My Experience with Alternative Investments

We like to say that we eat our own cooking because we invest your money the same way that we manage our own.

As one of the chefs in the kitchen, I also eat a lot of things that I’m not ready to serve. For better for worse, my account operates like a test kitchen. Some of the experiments turn out unexpectedly well and it is served out to everyone else and sometimes it turns out horribly and would make your stomach turn.

Either way, there’s no better method for learning how a strategy or product works. When your own money is at risk and you live with it for a while, you really understand how something works and how it may or may not fit with what you’re doing for clients.

For a little more than five years, I’ve been experimenting with ‘alternative’ investments in my own account and I’ve finally come to some conclusions about how they should and shouldn’t be used.

First, let me define what I mean by an alternative investment since some people include fairly mainstream asset classes like Real Estate Investment Trusts (REITs) or Treasury Inflation Protected Securities (TIPs), which are pretty pedestrian in my view.

In my opinion, an alternative investment is an asset class or strategy that produces returns from sources other than the classic approaches for stocks and bonds. If we can explain the results of a strategy with the models that we use to evaluate stocks and bonds, then it isn’t an alternative. Furthermore, an alternative investment has to be lowly correlated with stocks or bonds.

Over the last five years, I’ve invested directly in four basic strategies (each with multiple sub-strategies) to varying degrees, as shown in the chart below.

2014-09-30 DI Alternatives

Five years ago, there were very few alternative funds available in mutual fund formats. It also took me a while to get comfortable investing my own money, so for a while, I only pursued two strategies, arbitrage and managed futures.

It would take me forever to really describe the strategies so, for now, let me just say that arbitrage attempts to profit from small price dislocations, usually from illiquid market conditions. Managed futures is a trend following strategy that buys what’s gone up recently and sells short what’s gone down recently.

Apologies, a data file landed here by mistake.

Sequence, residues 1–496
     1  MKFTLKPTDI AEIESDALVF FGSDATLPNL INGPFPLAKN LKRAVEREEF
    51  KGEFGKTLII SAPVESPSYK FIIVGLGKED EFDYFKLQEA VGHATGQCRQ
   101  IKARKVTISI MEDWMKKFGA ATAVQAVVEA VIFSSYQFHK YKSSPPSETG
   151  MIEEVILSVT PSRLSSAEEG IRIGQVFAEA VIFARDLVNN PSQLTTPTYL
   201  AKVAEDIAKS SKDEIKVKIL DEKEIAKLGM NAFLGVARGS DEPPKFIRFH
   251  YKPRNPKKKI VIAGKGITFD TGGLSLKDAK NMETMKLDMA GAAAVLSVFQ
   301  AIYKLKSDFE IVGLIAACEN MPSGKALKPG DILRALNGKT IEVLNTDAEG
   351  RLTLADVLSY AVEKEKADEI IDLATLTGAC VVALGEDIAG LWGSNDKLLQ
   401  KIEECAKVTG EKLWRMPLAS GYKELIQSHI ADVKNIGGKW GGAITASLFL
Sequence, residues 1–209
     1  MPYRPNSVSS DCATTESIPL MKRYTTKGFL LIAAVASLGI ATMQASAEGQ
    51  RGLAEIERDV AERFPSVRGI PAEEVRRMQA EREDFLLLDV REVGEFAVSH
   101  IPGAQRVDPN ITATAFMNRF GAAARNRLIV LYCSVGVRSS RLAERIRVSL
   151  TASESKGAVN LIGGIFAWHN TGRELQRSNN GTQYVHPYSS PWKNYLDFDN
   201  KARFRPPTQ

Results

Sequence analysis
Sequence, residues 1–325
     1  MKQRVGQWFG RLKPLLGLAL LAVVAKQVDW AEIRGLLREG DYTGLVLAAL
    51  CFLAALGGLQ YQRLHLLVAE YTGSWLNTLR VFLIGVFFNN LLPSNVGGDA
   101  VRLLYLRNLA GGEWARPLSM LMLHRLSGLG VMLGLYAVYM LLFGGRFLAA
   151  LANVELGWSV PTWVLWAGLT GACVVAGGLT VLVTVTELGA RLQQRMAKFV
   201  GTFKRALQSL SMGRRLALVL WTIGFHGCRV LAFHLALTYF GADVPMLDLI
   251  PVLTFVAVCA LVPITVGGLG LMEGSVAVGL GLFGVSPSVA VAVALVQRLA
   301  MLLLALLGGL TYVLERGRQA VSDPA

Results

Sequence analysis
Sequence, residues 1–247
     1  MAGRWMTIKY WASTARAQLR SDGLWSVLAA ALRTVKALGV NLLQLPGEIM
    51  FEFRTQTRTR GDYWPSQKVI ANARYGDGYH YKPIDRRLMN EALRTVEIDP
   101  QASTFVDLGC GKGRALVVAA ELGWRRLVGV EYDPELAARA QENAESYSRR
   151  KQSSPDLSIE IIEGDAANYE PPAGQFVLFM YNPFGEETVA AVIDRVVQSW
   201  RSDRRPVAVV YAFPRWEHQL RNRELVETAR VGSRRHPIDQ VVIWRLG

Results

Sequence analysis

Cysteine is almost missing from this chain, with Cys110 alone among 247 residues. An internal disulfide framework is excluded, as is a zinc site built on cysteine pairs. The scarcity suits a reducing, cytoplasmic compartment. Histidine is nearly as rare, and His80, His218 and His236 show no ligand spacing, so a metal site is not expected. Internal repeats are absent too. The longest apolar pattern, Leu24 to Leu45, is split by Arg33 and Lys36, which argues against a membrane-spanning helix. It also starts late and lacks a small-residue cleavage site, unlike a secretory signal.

When I found a multi-strategy fund that included arbitrage and managed futures and a variety of other strategies, I shifted to that approach. In the last year, more products became available that allowed me to invest directly in global macro (economic based bets) and long-short equity (buy ‘good’ stocks and sell short ‘bad’ stocks).

So how have I fared? It depends on how you look at it. I earned returns comparable to the Hedge Fund Global Index (HFGI), which earned a little less than three percent per year.

My returns happened to be a little less, but were also less correlated to stocks, and our models did a poor job of explaining the results – which is desirable in an alternative strategy.

Regardless of how I did versus the HFGI, the question remains whether these strategies make sense. If you are comparing the results to stocks, then they did terribly, but it’s been a straight up market. If you compare the results to bonds, they still weren’t as good, but interest rates have fallen over the last five years.

If the returns of the last five years are consistent with the long term results, which is difficult to say since long-term data doesn’t really exist, then you can only consider alternatives as a bond replacement. ┬áThat said, we generally think of bonds as the ‘safe’ side of the house and there are meaningful risks built into alternative strategies that could really hurt just when you want safety and stocks are falling.

CALPERs, the huge California pension, just announced that they don’t think the strategies make sense and are exiting hedge funds in general (more from us on this subject here).

CALPERs may be guilty of recency, the tendency to project what’s happened recently into the indefinite future. If the results had been good, you can bet that they would have maintained or increased their exposure – despite what they say, institutional investors are performance chasers too.

So, what will I do next? I will probably reduce my exposure overall and consolidate the holdings to just two funds. I have a good handle on how they work, still believe that some of the strategies are conceptually sound and am comfortable with the risks.

While I am comfortable investing in these strategies for clients, we think it’s best done on a limited basis and the strategies don’t quite pass the basic taste test for broad application across all clients.

I’m going to keep cooking, I love being in the kitchen.